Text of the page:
A new analysis of long-term trends in party affiliation among the public provides a detailed portrait of where the parties stand among various groups in the population. It draws on more than 25,000 interviews conducted by the Pew Research Center in 2014, which allows examination of partisan affiliation across even relatively small racial, ethnic, educational and income subgroups. ( Explore detailed tables for 2014 here.)
The share of independents in the public, which long ago surpassed the percentages of either Democrats or Republicans, continues to increase. Based on 2014 data, 39% identify as independents, 32% as Democrats and 23% as Republicans. This is the highest percentage of independents in more than 75 years of public opinion polling. (For a timeline of party affiliation among the public since 1939, see this interactive feature.)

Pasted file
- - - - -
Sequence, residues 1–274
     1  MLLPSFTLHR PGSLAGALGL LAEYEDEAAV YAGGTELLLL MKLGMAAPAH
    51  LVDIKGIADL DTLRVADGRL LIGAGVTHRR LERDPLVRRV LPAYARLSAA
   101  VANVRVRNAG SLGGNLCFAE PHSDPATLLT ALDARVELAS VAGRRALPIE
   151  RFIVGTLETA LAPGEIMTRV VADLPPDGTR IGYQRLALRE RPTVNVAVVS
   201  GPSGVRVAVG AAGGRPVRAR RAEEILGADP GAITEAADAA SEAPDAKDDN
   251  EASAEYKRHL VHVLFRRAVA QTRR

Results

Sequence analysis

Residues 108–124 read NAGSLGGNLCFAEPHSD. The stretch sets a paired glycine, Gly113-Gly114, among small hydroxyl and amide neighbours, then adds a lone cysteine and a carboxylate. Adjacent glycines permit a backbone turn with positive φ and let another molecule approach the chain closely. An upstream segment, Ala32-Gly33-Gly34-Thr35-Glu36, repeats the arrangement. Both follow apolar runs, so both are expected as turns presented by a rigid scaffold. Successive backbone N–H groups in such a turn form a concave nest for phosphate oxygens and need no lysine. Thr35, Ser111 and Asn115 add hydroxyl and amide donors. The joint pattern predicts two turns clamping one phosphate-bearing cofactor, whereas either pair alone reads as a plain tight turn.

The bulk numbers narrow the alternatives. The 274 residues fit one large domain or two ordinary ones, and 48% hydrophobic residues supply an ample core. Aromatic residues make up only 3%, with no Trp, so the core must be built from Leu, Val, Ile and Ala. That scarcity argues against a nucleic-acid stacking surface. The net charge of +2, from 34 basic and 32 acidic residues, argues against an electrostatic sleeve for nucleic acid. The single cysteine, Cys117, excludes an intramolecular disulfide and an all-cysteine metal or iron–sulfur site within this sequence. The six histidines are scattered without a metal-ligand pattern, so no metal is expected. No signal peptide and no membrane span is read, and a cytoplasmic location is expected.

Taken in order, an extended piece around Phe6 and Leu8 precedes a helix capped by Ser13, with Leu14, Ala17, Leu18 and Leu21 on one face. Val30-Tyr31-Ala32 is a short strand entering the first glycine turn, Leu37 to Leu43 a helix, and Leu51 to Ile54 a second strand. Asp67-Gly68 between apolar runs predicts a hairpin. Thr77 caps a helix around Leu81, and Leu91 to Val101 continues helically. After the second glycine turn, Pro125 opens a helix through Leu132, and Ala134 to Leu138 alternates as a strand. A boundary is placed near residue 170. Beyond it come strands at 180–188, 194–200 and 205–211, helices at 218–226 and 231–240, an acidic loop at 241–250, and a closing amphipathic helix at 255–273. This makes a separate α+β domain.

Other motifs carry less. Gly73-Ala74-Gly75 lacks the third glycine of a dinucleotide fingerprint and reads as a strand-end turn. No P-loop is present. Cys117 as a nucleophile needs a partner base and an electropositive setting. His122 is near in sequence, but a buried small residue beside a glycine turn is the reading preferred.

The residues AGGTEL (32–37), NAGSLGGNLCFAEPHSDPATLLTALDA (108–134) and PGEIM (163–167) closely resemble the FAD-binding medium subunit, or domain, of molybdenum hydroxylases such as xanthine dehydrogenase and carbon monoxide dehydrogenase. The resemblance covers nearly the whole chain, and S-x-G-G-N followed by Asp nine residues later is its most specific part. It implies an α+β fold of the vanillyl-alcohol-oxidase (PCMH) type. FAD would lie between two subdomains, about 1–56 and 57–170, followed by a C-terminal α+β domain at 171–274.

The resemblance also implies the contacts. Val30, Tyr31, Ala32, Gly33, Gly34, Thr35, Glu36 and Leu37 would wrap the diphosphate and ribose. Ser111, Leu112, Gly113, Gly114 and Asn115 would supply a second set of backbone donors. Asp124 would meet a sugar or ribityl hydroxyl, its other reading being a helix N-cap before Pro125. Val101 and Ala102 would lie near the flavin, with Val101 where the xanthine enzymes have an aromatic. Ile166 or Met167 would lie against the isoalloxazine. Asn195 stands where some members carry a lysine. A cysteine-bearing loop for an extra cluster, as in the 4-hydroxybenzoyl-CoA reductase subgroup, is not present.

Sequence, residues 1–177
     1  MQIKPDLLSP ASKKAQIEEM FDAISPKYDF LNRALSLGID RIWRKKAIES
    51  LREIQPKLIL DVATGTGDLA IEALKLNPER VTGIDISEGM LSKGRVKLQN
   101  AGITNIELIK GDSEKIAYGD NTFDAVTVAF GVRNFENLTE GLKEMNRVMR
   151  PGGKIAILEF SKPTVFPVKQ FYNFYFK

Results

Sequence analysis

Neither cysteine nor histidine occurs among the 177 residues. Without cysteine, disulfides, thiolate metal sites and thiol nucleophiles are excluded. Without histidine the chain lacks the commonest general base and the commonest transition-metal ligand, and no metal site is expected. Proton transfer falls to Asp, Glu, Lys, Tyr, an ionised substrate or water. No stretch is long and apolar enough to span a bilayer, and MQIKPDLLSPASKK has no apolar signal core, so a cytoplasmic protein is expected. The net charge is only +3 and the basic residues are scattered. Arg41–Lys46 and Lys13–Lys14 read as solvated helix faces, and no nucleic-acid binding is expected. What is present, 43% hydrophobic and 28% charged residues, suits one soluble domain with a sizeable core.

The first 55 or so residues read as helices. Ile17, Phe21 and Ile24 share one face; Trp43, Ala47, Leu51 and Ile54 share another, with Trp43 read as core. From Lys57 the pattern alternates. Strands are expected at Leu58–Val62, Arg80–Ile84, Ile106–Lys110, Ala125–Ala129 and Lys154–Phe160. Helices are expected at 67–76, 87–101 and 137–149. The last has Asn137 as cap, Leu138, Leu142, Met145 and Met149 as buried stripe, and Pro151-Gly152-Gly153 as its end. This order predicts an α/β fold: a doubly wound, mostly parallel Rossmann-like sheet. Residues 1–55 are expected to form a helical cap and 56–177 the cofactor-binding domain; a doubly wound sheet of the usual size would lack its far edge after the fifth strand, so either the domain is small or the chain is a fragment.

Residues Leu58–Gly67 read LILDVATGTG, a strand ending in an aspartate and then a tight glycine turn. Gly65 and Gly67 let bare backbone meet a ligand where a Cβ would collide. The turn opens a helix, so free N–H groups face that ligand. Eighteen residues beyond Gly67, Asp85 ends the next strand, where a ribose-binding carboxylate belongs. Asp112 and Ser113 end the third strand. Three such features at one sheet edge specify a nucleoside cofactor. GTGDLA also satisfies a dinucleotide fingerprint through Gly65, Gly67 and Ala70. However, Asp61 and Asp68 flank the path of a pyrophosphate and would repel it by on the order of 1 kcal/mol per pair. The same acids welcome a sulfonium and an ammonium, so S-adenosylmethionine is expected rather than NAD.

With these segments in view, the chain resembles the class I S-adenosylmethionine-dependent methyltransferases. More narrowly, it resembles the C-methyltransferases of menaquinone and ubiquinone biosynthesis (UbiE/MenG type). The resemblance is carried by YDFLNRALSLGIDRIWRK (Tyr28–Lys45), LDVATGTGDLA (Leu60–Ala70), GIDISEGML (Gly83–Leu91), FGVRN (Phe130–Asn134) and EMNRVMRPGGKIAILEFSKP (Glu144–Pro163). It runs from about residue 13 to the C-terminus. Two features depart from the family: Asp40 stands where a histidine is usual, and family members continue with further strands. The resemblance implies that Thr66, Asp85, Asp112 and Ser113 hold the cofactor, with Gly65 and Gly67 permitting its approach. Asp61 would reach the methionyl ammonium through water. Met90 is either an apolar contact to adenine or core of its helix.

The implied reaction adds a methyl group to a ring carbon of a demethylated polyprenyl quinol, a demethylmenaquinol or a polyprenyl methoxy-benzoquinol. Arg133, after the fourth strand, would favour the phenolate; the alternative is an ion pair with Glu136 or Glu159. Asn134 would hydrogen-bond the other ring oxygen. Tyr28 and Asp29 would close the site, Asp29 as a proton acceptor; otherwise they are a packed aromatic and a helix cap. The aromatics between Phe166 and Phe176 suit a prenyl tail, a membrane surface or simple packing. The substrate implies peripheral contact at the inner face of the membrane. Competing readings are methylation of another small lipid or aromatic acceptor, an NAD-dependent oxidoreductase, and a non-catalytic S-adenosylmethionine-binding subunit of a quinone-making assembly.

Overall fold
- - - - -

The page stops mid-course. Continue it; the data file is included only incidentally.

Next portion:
When the partisan leanings of independents are taken into account, 48% either identify as Democrats or lean Democratic; 39% identify as Republicans or lean Republican. The gap in leaned party affiliation has held fairly steady since 2009, when Democrats held a 13-point advantage (50% to 37%).